So, it's down to the individual and what value you place on an award.
Do I Have To Enter Contests?
No. Not at all (and not all contests are worth it anyway - do check them out beforehand!).
Reputable/highly esteemed contests are good for:
1. Getting that extra foot in the door with agents/publishers.
2. Possibly feedback to help hone your writing skills (but there are plenty of other ways to do this, and not all contests provide feedback so check carefully!). Workshops (some online ones are free), critique groups (like Critique Circle), finding critique partners among peers, beta readers, posting on WattPad, looking for a professional who will crit your manuscript (for a fee), and there are lots of books on writing). Also critiquing other authors work will give you some ideas of what doesn't work for you and how you can improve your own writing. TBH, I personally wouldn't rely solely on contest feedback anyway, but it can be an added extra.
3. It doesn't hurt to be able to mention that a book is an award winner in promo or that you're an award winning author, though I have no personal evidence to know if it helps. As a reader, it's the cover, blurb and opening that decide my purchases, not what the book or author has done or if they're a bestseller or not. But others may feel differently.
4. Validation. This may be the worst reason but I'm not going to deny it is one.
At the end of the day, it's a very personal decision as to what you chose to do, but as with all things, do your research.

The second Guardians of the Galaxy Vol 2 teaser trailer released this week. Oh yeeeaaahhh. With Rogue One on my 'must see at the cinema' list of films in just nine days (woot!) and possibly Passengers a week later, GotG2 is top of my list for 2017. And how adorable is Baby Groot?!

Next week the SFR Brigade Holiday Showcase begins (the same day I'm off to see Rogue One). I'll be posting Christmas treats - a starry recipe and a short story giveaway.

And in two weeks Spacefreighters Lounge will be Going Rogue as Laurie, me, and possibly Greta will be posting our thoughts about the latest additions to the Star Wars universe.

Status Update
The Christmas story isn't quite finished. Ooops. I got distracted by having to make curtains and buying a replacement car. >_<
I leave you with a couple of pics - our newly bought and erected Star Wars tree (not our main one but a bonus edition) and another BristolCon cosplay photo recently sent to me by author Jaine Fenn.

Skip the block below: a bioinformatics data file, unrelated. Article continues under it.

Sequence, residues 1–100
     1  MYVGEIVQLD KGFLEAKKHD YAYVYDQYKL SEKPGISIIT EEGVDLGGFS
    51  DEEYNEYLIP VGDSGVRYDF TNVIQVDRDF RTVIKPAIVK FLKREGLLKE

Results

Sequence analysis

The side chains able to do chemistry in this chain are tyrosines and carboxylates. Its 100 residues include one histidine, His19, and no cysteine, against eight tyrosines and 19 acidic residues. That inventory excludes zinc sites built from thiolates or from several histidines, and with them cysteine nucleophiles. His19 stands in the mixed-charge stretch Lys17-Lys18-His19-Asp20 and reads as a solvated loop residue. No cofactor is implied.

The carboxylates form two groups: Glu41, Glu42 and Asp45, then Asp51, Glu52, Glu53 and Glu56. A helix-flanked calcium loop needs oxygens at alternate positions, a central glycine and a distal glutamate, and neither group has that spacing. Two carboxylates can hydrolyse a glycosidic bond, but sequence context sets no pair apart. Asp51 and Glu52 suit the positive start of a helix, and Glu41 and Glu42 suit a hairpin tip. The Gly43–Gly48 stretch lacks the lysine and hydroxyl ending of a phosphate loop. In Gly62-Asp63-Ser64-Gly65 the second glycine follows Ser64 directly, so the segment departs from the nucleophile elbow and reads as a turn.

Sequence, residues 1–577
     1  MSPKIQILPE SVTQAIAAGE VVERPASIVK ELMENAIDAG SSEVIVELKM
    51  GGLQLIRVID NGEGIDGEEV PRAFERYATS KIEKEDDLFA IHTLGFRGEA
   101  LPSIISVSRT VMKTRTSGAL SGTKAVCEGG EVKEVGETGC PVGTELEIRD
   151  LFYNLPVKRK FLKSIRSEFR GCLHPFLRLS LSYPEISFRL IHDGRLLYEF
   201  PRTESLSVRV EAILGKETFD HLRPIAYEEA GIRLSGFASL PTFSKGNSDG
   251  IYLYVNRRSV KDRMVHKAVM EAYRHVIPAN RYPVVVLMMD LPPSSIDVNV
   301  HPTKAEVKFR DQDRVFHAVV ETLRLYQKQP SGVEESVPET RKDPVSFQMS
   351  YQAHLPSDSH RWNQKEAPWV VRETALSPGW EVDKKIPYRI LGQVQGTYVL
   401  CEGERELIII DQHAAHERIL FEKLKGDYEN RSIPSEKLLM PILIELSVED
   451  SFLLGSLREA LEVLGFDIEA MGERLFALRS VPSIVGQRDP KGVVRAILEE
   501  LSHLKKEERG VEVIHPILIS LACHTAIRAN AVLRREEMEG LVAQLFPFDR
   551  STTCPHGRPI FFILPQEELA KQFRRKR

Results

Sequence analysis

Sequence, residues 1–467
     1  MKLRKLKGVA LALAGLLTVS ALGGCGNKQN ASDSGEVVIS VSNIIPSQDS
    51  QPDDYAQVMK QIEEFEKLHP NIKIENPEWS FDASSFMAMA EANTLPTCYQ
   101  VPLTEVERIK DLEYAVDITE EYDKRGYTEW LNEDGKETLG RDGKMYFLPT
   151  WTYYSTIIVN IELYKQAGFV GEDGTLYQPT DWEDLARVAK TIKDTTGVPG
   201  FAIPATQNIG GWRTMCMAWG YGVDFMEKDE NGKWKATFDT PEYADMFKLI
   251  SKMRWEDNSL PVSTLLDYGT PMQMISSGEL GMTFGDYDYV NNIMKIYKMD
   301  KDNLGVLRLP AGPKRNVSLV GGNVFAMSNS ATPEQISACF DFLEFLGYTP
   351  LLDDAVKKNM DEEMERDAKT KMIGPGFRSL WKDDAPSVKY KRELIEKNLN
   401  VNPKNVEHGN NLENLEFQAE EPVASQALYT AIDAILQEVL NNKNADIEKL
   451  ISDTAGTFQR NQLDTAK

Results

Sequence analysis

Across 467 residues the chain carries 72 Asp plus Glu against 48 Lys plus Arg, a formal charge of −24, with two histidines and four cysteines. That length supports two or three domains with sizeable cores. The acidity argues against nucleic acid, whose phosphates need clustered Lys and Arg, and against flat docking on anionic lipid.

Monday, December 5, 2016

Author Edward Hoornaert: NEWBORN

Today, Spacefreighters Lounge welcomes author Ed Hoornaert with a fascinating guest post about the Kwakiutl inspiration behind his latest science fiction romance release, Newborn.

a near-future romance by Edward Hoornaert

“American Indians are arguably popular entertainment's least represented and statically portrayed racial group.”  
From an Amazon review of Alien Contact for Idiots, the first book in the series that includes Newborn

Fresh out of university, I taught at a one-room school on a wilderness island on the British Columbia coast. The only way in was a plane that landed on the chuck (local slang for the ocean). The kids came to school on a school boat, because the island had no streets or cars. No TV or radio, either.

One weekend, while following game trails (what else was there to do?), I stumbled upon a tiny white beach; the Kwakiutl aboriginal people ate a lot of clams, and old, pulverized clamshells turned beaches white. Realizing the beach was the site of an ancient village, I searched the dense underbrush at the beach’s edge.

Sure enough, a rotting tree stump wasn’t a stump at all, but the barely recognizable remnant of a carved pole. Beaver, I think the totem was, though it was too rotted to be sure. It smelled fresh and earthy, like the rain forest after a rain. Vivid green moss grew over chunks of the grey, weathered cedar. Where the top of the pole had snapped off, a sapling grew in the rotted wood.

Like that sapling, my interest in the aboriginal people of the Northwest Coast grew from the old pole. Years later, my office wall is covered with their stunning art.

Forget any stereotypes you may have about North American aboriginals. The Kwakiutl had no buffalo -- salmon, instead. No teepees -- massive, multi-family wooden longhouses. No horses -- huge dugout canoes capable of trading as far south as California. No battles with the white man, either; the Kwakiutl tribe was never defeated and never left their homeland or entirely abandoned their culture. They were -- and are -- exquisite artists.